The Green New Deal
The recent polar vortex has been such as drag—likely on your social plans, energy levels, and the economy. Yes, it’s true. But don’t fret, as The Green New Deal emerged, in writing, today. While it will likely not pass in the Republican-led senate, this proposed legislation lays out a vague guideline of how the US would be carbon neutral by 2030. While this goal is wildly ambitious, it is necessary. Based on the Special Report on Global Warming of 1 ° C by the Intergovernmental Panel on Climate Change, and the Fourth National Climate Assessment Report, the Green New Deal delineates that the US needs to accept responsibility for climate change. It highlights how the US alone is responsible for over 20% of global greenhouse gas emissions through 2014. It also portrays how the country could bring about sustainable change, all while investing in its own economy and citizens simultaneously.
Global temperatures must be kept 1.5 ° Celsius above pre-industrialized levels to avoid the most severe impacts of a changing climate. The deal cites detrimental effects ranging from mass migrations, more than five hundred billion dollars lost in economic output, wildfires scorching twice as much forest as current levels, three hundred fifty million people succumbing to deadly heat stress, and a possible trillion dollars in public infrastructure and coastal real estate damage. The Green New Deal clearly isn’t here to pander to special interest groups.
The pending legislation delves into particularly troubling data outlining our current crises of stagnating hourly wages, poor socio-economic mobility, the gender pay gap, and vast inequality. It hinges upon the creation of “millions of good, high-wage jobs,” which feels reminiscent of Roosevelt’s New Deal…which can’t be just a happy coincidence.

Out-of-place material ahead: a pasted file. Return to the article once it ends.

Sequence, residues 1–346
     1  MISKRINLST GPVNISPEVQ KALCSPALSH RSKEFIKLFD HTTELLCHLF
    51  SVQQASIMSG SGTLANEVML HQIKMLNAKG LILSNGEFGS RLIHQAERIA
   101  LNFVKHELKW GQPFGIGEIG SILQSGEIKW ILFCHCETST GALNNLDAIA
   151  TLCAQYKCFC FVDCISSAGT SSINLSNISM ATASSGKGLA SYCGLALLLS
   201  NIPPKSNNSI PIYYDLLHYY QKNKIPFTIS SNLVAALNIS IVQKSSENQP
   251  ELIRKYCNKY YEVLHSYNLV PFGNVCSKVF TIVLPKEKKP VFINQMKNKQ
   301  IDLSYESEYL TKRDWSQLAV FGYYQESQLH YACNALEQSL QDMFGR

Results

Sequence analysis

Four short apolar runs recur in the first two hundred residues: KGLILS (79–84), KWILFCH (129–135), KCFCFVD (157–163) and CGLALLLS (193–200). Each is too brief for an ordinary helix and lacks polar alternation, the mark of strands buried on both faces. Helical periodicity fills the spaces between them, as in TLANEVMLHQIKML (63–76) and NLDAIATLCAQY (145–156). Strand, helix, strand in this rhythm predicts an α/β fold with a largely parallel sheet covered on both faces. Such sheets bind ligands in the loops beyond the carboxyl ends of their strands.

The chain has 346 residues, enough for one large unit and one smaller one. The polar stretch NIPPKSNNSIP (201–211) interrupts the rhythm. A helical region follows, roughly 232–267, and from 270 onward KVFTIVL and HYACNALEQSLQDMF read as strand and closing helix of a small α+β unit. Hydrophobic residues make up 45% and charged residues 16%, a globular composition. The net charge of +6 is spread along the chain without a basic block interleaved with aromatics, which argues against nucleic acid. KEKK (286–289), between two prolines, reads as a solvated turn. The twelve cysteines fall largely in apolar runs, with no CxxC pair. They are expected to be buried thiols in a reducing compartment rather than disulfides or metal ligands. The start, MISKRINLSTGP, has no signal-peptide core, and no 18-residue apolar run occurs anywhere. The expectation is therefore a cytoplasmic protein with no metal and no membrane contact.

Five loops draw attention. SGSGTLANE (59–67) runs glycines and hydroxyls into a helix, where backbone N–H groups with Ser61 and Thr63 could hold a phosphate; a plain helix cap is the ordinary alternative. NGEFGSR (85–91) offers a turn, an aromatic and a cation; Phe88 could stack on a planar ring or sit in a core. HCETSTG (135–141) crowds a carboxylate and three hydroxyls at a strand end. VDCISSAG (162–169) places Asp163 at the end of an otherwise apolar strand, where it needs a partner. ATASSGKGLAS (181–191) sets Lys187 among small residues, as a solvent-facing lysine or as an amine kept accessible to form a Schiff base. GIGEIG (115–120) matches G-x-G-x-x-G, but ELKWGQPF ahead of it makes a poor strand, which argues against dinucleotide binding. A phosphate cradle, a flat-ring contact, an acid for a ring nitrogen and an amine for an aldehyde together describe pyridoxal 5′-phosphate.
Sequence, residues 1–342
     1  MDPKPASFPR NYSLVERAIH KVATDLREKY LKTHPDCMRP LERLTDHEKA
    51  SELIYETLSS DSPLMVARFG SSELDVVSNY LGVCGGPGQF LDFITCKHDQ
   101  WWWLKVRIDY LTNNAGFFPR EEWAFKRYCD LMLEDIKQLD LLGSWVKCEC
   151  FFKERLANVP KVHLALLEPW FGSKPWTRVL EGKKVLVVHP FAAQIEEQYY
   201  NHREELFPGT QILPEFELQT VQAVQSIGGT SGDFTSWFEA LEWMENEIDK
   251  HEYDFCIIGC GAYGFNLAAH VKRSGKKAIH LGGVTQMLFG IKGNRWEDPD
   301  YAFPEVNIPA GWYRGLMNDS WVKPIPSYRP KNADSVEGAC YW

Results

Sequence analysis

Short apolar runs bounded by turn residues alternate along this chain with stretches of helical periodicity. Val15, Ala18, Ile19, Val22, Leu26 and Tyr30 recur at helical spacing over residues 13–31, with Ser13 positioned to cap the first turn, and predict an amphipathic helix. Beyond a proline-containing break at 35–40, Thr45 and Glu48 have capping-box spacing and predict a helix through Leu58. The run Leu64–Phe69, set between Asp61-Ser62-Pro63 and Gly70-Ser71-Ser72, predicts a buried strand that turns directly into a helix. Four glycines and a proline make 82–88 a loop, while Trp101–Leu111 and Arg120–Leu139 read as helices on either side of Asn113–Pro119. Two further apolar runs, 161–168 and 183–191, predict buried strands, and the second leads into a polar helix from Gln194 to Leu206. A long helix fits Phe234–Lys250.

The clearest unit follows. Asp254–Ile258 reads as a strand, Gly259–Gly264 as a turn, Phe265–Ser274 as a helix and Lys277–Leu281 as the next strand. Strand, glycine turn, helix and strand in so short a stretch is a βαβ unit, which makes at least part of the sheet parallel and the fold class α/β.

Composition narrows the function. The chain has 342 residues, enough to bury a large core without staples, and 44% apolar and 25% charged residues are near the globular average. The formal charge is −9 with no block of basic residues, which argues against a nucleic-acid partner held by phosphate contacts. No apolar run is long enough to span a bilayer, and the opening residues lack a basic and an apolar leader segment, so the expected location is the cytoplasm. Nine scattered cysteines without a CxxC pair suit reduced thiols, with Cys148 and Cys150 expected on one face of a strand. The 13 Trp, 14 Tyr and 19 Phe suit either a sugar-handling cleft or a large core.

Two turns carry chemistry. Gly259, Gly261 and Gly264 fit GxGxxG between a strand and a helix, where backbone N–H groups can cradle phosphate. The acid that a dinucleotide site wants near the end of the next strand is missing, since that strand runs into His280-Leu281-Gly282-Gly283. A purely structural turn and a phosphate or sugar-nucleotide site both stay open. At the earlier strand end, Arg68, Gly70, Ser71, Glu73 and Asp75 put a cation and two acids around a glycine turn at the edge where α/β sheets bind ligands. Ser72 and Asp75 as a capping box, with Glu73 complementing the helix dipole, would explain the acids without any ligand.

It highlights the construction and upgrading of buildings to maximal energy efficiency, expanding upon clean, renewable energy, initiating infrastructure repairs, all further emphasizing resiliency against climate change-related disasters.
A common counterargument for championing the environment is the economy. However, according to a scientist at the Center for Atmospheric Research, the economic costs of climate change are staggering, and we are already paying the cost. As the climate changes, our weather becomes more intense, and more expensive. This is due, in part, to human migration, like when an influx of people move to densely populated cities on the coast.
The most expensive environmental effect are hurricanes. Over the past twenty years, seventeen out of twenty of our most expensive and damaging hurricanes occurred, most of which ended up costing seventy billion– one hundred twenty-five billion dollars, each. Heatwaves and droughts came in second, but win first for the deadliest climate change effect. Survivors from the Paradise Wildfire are still recovering—many are homeless and camping out on their property, waiting for federal money. Floods have increased by over seventy percent over the past seventy years. Convective storms that bring additional environmental hazards, such as tornadoes, cost eleven billion dollars in damages every year. Cold weather bears a different economic cost in business disruption. Unless you were some of the few who braved last week’s negative double-digit weather, most people hunkered down in their residences. They were not out shopping and stimulating the economy. The most recent polar vortex cost the American economy five billion dollars.
Convinced yet? It’s time we invested in ourselves, in our futures, and in our children’s futures. 2050 is a little over 20 years away—where the existence of vibrant coral reefs will be a distant memory, and David Attenborough will die as a failure (unless you go watch Blue Planet II right now).
This plan is an excellent start. Demand more from your lawmakers, demand that they support positive environmental legislation. Alaska is deciding if they should open the Arctic National Wildlife Refuge for drilling, even while citing legitimate environmental effects on wildlife and for indigenous tribes. Will you be able to look back at yourself in twenty years and feel satisfied with yourself, knowing that you did everything you could? Call or email your senators today, and urge them to support the Green New Deal. Or keep sitting, scrolling on your phone. It’s your call.